Ramen may be having a renaissance, but it isn’t the only noodle in town—there’s a revolution simmering in artisan Italian pasta too. Three companies show passion for the craft, preserving traditional food and heirloom varieties, and supporting organic, small-scale local production.
When John Pauley of Mattarellotook a break from working at restaurants Lark Creek Inn and La Folie to study pasta making in Bologna, his fate was sealed. Now he uses the best Sonoma eggs to make small batches of gossamer pasta and returns to Bologna annually for a refresher. He and wife Anna make delicate tagliatelle, pappardelle, and tortellini for pop-up shops at Gourmet & More and Biondovino.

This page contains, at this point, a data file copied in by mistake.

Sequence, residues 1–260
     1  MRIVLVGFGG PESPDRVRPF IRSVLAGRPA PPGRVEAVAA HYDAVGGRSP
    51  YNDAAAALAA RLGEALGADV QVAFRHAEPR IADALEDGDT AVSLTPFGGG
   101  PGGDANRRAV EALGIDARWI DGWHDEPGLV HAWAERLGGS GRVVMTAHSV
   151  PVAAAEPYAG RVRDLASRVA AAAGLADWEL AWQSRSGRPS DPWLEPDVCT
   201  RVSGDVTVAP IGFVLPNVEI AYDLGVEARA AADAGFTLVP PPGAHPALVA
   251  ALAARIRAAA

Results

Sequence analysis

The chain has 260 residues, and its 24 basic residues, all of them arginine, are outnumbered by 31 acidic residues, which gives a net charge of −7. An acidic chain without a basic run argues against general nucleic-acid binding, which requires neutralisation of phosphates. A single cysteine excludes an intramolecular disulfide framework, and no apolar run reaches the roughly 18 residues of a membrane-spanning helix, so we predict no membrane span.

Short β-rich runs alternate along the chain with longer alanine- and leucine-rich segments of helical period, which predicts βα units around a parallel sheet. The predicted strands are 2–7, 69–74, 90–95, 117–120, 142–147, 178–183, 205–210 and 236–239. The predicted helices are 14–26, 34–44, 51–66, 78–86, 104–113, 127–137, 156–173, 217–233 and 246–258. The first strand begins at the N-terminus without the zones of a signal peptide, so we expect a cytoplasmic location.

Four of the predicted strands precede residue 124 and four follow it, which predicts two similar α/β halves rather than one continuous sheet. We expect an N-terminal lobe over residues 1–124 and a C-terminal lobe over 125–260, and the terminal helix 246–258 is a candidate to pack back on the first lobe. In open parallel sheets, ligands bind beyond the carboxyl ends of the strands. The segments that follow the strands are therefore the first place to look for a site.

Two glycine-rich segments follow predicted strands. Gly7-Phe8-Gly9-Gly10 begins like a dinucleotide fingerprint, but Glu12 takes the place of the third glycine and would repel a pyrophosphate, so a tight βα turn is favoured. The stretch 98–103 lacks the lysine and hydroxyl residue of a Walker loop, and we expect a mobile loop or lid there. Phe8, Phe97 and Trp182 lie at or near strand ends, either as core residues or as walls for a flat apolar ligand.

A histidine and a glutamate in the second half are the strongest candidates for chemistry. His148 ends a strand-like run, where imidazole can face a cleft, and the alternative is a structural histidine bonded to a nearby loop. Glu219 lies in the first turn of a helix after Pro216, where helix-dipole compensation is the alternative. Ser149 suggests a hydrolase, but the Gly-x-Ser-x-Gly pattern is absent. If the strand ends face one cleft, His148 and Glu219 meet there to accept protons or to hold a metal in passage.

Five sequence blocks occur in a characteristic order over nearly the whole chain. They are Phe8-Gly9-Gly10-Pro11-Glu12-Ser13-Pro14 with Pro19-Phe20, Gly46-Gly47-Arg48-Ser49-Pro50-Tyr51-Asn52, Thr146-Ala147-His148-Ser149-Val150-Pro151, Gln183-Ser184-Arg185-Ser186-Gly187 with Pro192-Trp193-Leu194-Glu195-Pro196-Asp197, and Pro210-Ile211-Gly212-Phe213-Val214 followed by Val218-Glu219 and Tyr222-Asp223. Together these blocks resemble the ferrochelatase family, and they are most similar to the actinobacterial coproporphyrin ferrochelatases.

Fans of Mattarello include Renato Sardo and Dario Barbone, friends and partners in Baia Pasta. Sardo, previously a Slow Food director, and Barbone were desperate Italian expats looking for organic artisan pasta with better flavor and a smaller carbon footprint. Using unusually tasty wheat varieties, including nutty spelt and buttery kamut, their pasta sold out fast at underground markets. Get it at their Oakland shop, or Delfina, Osterina Stellina, and Coco500.
Community Grains began when Bob Klein found three Italian wheats ideal for pasta, and decided to grow them here with the goal of creating a more flavorful, healthier product. Today, Oakland’s Pasta Shop and Oliveto use his flours to make a variety of fresh pasta dishes, such as Red Winter Wheat Bigoli with pancetta, Cannellini beans, tomato, and Parmesan cheese. Community Grains dried pastas are available at Whole Foods and Bi-Rite.
This article was published in 7x7's May issue. Click here to subscribe.